Data Shows the Recession Is Over for High-Wage Earners, but Not for the Working Class

The COVID-19 recession is now hardly impacting employment for high-wage workers, while job losses continue for low-wage workers — according to new labor data from the Opportunity Insights economic tracker. Employment rates are nearly back to pre-pandemic levels for salaries over $60,000 per year, while employment for workers who earn under $27,000 is down 19% compared to January.

The rate is concerning when you realize that the majority of essential workers are low-wage earners. Brookings Institution found that “more than 57.1 percent of essential front-line workers earn less than $20 per hour.” At first glance, those data points seem contradictory. How can the majority of our essential workforce also be facing significant job losses? Well, the picture is a bit more nuanced. 

Job losses for low-wage workers correlate to industry

The recovery for low-income workers will be slower because the employment rate for those sectors fell much harder when states enforced lockdowns and business closures. High-wage workers are six times more likely to adapt to remote work, making the impact of social-distancing measures less severe.

“In general, jobs for low-wage workers are more difficult to maintain social distancing, and therefore an increase of operating cost is inevitable,” explains Dr. Tenpao Lee, an economics professor at Niagara University

Stephen M. Miller, the Director of the Center for Business and Economic Research at the University of Nevada, divided industry sectors by those that require close contact and those that can adapt to a remote environment.

“The ‘gathering together sectors’ tend to have lower wages. So the unemployment rate is higher. These sectors include leisure and hospitality, eating and drinking places, sports entertainment, doctor and dentist offices, hospitals, and so on.”

Essential workers tend to fall into a lower wage job market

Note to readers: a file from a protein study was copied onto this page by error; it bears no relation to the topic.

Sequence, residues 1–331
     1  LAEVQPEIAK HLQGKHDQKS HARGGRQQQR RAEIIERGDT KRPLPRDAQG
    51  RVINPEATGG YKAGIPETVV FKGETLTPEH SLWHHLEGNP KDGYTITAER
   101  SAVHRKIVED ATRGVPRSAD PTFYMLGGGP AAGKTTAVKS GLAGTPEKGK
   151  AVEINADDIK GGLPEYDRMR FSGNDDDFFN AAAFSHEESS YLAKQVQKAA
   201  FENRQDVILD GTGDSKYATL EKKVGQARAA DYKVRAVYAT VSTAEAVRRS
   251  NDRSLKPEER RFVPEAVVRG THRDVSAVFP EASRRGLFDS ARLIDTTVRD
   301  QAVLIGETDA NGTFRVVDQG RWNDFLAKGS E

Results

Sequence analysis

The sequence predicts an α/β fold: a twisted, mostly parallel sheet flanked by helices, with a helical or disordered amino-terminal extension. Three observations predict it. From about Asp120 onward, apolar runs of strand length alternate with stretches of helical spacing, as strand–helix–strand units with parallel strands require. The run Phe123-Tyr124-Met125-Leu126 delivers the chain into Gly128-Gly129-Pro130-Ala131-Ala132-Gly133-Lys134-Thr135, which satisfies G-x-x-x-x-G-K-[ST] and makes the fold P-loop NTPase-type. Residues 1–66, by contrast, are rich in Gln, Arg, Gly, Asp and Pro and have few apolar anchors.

Essential workers are defined by the Department of Homeland Security as those whose services are essential to continue critical infrastructure operations. Each state may have varying interpretations for which industries that entails, but it mostly consists of the food industry, healthcare providers, retail, transportation, maintenance and cleaning. In order to do their job, they must be physically present.

The Brookings Institution calculated that about 48 million workers were considered essential occupations, in April of 2020. Of those essential workers, over 4.3 million earn less than $10 an hour while 23 million earn between $10 and $20 per hour.

Lee explains to us the fundamental differences between the high-wage and low-wage labor market — the high wage market has high demand and low supply. While the low wage market has low demand and high supply.

Many essential jobs in the service and hospitality industry fall under that low-wage market where there’s a high supply of workers thus the demand for those employees is lower, making it easier to pay these workers less. Compensation also tends to be lower because these jobs sometimes have lower skill requirements. Unfortunately, additional government support for our crucial workers has been sparse.

What does this mean for our economy?

Our economy can’t survive without the industries that have been decimated due to the pandemic. “In the short term, high-wage workers may have the advantage to recover quickly. In the long term, everything is interrelated. We cannot have low-wage workers unemployed forever. The economy will not be able to sustain this issue,” adds Lee.

But Miller told us that our economy is already recovering faster than economists originally predicted, “Once we can handle the virus, then the economy can come back. In the sectors where face–to–face interaction is not required, as I just said, the economy is already coming back. The gathering together sectors are lagging behind.”

This explains why the Opportunity Insights data found that high-wage workers (and their sectors) are near pre-pandemic employment levels. It’s hard to predict whether the economy will balance itself out once Congress gears up for another round of coronavirus legislation and vaccine efforts reach most citizens. But the numbers present a dire situation for low-wage earners that can lead to bankruptcies and evictions while the wealthy and large companies continue recovering.

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Danika Miller

Personal Finance Reporter

Danika Miller is a writer at The Simple Dollar. Her work can be found on Reviews.com, Freshome.com, Her Campus, and Jeopardy Magazine. She holds a bachelor’s degree in creative and technical writing from Western Washington University.

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  • Andrea Perez
    Andrea Perez
    Personal Finance Editor

    Andrea Perez is an editor at The Simple Dollar specializing in personal finance. Prior to that she specialized in digital marketing content for online learning websites. She holds a master’s degree in journalism and media studies from the University of South Florida.